Jed Kim | KPCC Pass/Fail | | 89.3 KPCC | http://bit.ly/12NNoeG
The James Irvine Foundation released an interactive infographic on Linked Learning on July 22, 2013. (following as a pdf)
July 25th, 2013, 6:00am :: Students who attend a high school where study plans are based on preparing for a specific career are more likely to graduate and continue on to postsecondary schools than their public school counterparts are, according to a recent study by UCLA's Institute for Democracy, Education and Access.
That's especially significant, because the schools that the were studied enrolled a higher than average percentage of students who are at risk of not graduating.
The teaching method is called Linked Learning. It teaches academics through career-based training. Participating schools focus on a career area such as healthcare, engineering or visual arts. Students take clusters of courses and participate in internships centered around the career.
And the schools employ teachers with professional experience working in those fields.
Proponents say students are more engaged if they can see how the things they're learning apply to the real world. The UCLA study gives evidence that Linked Learning is working. The center has released a guidebook on how to start one of these programs.
Nine California school districts, including L.A. Unified, Long Beach Unified and Pasadena Unified, offer some Linked Learning classes. Dozens of other schools are trying out the initiative.
The James Irvine Foundation projects that 13,000 California high school students will be enrolled in Linked Learning pathways this year. The foundation has spent more than $100 million to develop Linked Learning. On Tuesday, it released an interactive infographic showing the teaching method's spread across California.
You can find a map of Linked Learning schools and academies in California here.
New Report explores Linked Learning alumni trajectories
06-19-2013 :: A new UCLA IDEA report examines how students who graduated from Linked Learning pathways are moving along in their postsecondary education attainment, employment and civic engagement.
Exploring the Educational, Labor Market, and Civic Trajectories of Young Adults who Attended Linked Learning Pathways: Survey and Interview Findings compared Linked Learning alumni with random sample of students who did not attend those pathways. Overall, the study found that, on average, students who attend Linked Learning high schools graduate at higher rates than students statewide. This is remarkable in itself, but even more so given that Linked Learning schools enroll greater numbers of students from groups at risk of not graduating.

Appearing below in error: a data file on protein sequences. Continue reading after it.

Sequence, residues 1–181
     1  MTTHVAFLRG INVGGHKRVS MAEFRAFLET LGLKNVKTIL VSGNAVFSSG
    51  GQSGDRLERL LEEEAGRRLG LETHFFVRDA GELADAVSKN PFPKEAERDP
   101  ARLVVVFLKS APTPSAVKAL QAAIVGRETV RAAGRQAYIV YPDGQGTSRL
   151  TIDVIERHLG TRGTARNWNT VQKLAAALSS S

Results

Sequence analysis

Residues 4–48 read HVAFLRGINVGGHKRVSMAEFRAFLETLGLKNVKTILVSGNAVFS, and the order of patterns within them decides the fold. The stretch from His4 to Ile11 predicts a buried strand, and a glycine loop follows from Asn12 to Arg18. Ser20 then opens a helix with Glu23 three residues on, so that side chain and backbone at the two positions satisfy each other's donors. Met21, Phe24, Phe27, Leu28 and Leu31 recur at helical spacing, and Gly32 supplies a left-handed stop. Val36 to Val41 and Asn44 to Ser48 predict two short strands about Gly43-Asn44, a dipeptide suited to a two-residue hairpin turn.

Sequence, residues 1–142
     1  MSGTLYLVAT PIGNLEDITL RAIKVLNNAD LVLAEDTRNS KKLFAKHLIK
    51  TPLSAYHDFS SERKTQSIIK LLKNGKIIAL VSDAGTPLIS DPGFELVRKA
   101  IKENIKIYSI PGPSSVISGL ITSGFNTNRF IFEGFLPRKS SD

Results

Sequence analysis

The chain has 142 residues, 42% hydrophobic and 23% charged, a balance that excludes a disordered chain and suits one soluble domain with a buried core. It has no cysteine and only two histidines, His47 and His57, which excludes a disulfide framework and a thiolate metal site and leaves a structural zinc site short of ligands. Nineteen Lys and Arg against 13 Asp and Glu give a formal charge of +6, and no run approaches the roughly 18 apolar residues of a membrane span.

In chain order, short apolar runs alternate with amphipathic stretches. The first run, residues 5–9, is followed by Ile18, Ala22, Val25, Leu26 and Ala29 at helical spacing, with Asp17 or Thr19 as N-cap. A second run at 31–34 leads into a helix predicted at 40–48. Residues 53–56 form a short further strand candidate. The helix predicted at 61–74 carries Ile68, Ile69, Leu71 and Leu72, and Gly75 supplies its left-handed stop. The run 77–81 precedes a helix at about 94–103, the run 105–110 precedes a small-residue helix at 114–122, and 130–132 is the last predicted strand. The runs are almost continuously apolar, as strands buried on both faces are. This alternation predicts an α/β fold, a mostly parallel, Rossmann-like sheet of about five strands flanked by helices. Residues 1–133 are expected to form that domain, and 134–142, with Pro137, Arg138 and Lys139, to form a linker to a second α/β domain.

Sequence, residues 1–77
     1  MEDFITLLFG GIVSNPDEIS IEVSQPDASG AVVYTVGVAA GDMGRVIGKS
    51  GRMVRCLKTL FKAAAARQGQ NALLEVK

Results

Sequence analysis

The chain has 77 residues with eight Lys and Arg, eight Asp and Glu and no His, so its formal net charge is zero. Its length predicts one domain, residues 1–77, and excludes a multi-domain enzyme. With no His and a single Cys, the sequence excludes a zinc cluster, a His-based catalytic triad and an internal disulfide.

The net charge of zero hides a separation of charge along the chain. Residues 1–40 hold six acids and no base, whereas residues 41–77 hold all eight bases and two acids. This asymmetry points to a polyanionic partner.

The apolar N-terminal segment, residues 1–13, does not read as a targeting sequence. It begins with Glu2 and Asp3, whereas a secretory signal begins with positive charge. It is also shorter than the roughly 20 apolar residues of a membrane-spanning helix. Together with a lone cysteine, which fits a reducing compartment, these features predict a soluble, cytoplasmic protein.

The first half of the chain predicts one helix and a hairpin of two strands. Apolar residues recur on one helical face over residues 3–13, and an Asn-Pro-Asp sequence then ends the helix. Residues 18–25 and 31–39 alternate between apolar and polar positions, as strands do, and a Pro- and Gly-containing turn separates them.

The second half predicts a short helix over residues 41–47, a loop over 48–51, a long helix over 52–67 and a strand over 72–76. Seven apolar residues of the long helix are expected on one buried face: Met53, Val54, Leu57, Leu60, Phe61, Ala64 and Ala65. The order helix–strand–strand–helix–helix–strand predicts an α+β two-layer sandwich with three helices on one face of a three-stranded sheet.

Moreover, Linked Learning alumni are more likely to attend a postsecondary institution (2- or 4-year) versus not attend college at all compared to the random sample. However, we also found that attending a Linked Learning school does not increase the likelihood of employment for recent graduates or protect some of them from becoming disconnected altogether (i.e., neither in school nor working). Neither did attending a Linked Learning school increase the chances that recent graduates would become engaged in their communities.
Linked Learning is an approach to schooling that is gaining popularity as many high schools throughout the state seek to stem the tide of dropouts and a lack of college and career preparedness among graduates. Linked Learning brings together rigorous academics, a challenging theme- or career-based curriculum, and an opportunity to apply learning through real-world experiences. The participating sites were identified as part of IDEA's 2008 study.